The ATP has officially launched its new annual world team cup event which will be held in Australia at the start of 2020.
The ATP Cup will last 10 days and be spread across three cities from January 3, a week before the Australian Open.
Ranking points will be on offer along with an £11.75million prize pot, with qualification based on the ranking of the country's number one player.
However, the new event is scheduled to take place just six weeks after the International Tennis Federation's revamped World Cup-style Davis Cup.
Speaking on Wednesday, world number one Novak Djokovic had voiced his fears about the future of the 118-year-old Davis Cup competition, claiming two similar events in the space of six weeks was "not sustainable".
Earlier in the week Alexander Zverev, the world number five, said he felt none of the top players would play in the Davis Cup.
Djokovic then gave his firm backing to the ATP Cup when he spoke at the launch of the new event at London's 02 Arena.
"Representing our country is something that is a great privilege for all of us, we dream of getting the colours of our country on our tracksuits and going out on court and playing for, in my case, Serbia, rather than for myself," he said.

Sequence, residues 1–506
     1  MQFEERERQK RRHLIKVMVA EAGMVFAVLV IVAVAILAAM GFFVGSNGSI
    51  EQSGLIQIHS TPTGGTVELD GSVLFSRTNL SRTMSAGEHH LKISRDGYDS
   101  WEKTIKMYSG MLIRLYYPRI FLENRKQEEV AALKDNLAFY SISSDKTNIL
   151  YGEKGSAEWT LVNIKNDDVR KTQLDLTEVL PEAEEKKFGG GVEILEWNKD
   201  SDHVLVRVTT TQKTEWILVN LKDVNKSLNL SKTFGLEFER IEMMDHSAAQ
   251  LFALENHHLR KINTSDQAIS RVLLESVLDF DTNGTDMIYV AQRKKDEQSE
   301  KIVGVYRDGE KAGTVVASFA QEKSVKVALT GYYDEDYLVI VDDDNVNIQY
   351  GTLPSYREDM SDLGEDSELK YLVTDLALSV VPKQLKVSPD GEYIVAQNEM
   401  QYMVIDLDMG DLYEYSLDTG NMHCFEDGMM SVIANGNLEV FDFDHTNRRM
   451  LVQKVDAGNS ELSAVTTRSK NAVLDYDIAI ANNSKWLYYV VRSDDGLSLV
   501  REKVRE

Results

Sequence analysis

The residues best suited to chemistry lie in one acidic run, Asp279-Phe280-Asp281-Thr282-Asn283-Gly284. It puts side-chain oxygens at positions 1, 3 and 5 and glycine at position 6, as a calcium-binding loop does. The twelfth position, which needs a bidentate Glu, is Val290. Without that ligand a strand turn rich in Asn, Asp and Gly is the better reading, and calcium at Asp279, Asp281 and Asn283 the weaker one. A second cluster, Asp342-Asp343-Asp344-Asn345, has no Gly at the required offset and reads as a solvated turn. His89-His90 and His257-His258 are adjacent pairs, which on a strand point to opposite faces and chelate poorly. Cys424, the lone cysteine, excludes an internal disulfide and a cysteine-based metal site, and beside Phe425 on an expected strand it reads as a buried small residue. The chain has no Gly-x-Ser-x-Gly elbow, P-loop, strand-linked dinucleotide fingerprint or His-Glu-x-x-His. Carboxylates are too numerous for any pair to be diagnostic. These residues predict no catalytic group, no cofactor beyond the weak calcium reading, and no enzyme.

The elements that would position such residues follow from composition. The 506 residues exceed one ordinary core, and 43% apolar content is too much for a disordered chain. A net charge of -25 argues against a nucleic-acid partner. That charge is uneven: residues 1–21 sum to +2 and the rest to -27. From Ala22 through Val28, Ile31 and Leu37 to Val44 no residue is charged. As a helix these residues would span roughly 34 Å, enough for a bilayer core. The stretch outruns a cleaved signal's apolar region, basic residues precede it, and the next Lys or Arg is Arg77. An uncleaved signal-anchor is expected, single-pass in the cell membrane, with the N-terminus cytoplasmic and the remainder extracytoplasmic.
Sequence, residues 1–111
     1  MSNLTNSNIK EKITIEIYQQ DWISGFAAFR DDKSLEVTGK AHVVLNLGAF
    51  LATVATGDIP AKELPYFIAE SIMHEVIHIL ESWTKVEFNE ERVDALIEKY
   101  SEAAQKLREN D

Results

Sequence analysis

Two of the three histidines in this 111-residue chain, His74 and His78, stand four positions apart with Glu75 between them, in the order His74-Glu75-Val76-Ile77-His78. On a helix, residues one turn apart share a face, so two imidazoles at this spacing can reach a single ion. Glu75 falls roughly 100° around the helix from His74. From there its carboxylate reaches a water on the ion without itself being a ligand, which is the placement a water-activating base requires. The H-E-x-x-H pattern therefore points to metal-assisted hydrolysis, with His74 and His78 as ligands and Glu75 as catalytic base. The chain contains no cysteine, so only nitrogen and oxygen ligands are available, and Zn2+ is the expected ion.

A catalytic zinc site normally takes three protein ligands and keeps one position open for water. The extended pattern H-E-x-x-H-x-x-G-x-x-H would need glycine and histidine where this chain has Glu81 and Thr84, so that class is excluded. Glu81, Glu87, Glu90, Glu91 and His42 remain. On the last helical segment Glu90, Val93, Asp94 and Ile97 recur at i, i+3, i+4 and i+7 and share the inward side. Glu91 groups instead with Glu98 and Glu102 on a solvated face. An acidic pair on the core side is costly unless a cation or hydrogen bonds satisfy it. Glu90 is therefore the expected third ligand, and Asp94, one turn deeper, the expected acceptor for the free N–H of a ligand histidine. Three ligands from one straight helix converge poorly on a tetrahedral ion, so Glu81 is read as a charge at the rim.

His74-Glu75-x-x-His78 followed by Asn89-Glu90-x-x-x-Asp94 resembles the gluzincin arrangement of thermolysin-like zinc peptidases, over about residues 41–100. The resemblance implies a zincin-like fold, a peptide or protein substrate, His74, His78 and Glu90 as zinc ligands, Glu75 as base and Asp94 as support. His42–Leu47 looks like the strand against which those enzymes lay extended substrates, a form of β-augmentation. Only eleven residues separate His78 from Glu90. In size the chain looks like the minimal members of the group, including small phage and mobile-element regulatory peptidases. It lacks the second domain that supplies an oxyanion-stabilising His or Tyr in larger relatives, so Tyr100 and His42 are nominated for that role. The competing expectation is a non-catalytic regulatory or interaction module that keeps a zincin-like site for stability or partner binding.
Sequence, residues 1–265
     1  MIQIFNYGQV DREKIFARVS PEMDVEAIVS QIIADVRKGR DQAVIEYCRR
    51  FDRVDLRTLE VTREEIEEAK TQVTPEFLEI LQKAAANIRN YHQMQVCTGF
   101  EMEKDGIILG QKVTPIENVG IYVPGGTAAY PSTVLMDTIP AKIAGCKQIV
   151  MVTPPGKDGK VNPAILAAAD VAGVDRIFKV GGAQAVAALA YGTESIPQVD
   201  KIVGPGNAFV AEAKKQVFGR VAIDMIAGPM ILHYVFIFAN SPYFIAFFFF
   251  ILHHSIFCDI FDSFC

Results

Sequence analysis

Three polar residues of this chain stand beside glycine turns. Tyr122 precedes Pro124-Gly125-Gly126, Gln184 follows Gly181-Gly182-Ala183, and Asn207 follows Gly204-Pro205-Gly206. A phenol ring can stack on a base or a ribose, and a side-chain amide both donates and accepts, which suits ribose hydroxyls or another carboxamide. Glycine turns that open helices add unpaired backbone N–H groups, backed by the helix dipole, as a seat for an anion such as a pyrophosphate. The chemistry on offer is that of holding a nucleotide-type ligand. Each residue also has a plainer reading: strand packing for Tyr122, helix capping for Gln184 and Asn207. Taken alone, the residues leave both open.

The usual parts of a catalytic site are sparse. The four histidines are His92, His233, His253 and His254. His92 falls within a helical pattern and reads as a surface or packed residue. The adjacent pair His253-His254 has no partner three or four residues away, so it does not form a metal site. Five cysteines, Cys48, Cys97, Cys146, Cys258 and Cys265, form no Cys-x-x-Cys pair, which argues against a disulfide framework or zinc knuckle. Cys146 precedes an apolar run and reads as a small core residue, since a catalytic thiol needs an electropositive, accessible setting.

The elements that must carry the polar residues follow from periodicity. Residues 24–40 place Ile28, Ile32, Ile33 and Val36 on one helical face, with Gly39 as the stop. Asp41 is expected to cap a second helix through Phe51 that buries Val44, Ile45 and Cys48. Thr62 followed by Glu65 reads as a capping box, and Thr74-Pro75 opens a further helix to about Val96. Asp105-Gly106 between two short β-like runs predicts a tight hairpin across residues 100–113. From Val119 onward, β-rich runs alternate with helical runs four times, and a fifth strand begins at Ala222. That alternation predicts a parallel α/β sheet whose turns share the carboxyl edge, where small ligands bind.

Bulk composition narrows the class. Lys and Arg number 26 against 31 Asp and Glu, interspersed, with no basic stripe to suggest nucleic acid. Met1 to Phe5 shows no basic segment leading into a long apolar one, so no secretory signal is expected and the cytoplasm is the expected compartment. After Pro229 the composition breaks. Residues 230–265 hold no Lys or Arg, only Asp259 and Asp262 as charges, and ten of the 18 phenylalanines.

"Since we are in an individual sport the majority of times you are playing in individual events so it's really nice to have a new fresh event, the ATP Cup, to kickstart the year in the best possible way.
"To have an event like this a couple of weeks before the Australian Open is truly going to have an impact .
"Obviously we have the Davis Cup, a historical team event, but now we have the ATP Cup that is definitely going to be right up there from a players' perspective."
Three team events, including the Laver Cup which is entering its third year, seems excessive but Tennis Australia chief executive Craig Tiley insisted: "We know from a fans' point of view they love the team events, so yes I believe it is sustainable.
"We'll make sure in 2020 we run a great event and we will do whatever we can in partnership with the Tour and others to ensure the Davis Cup is also a magnificent global event."
Player burn-out remains a major topic of discussion across the sport but ATP chief Chris Kermode insists fitting yet another event into what is already a packed schedule will not pose a problem.
"The reason we chose January was because it isn't additive to the calendar," he said. "If this didn't exist they'd be playing another event anyway."
Britain's Jamie Murray is confident most players will choose to participate in both the Davis Cup and ATP Cup.
"My personal opinion is that both events are providing a lot of prize money, and I think that will encourage a large majority of the player field to play both events," he said.
"Me, I'm excited about the ATP Cup. I think it's going to be a great event for the ATP. It's a players' event."